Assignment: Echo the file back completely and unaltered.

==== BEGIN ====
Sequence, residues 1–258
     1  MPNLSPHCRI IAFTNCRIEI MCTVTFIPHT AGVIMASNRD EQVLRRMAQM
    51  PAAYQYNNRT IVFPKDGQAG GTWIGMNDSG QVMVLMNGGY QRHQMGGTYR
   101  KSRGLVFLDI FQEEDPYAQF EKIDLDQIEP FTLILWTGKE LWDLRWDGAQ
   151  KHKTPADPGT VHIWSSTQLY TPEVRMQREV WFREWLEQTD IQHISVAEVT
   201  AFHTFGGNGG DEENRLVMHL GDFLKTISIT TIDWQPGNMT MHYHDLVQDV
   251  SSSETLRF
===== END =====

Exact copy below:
Sequence, residues 1–258
     1  MPNLSPHCRI IAFTNCRIEI MCTVTFIPHT AGVIMASNRD EQVLRRMAQM
    51  PAAYQYNNRT IVFPKDGQAG GTWIGMNDSG QVMVLMNGGY QRHQMGGTYR
   101  KSRGLVFLDI FQEEDPYAQF EKIDLDQIEP FTLILWTGKE LWDLRWDGAQ
   151  KHKTPADPGT VHIWSSTQLY TPEVRMQREV WFREWLEQTD IQHISVAEVT
   201  AFHTFGGNGG DEENRLVMHL GDFLKTISIT TIDWQPGNMT MHYHDLVQDV
   251  SSSETLRF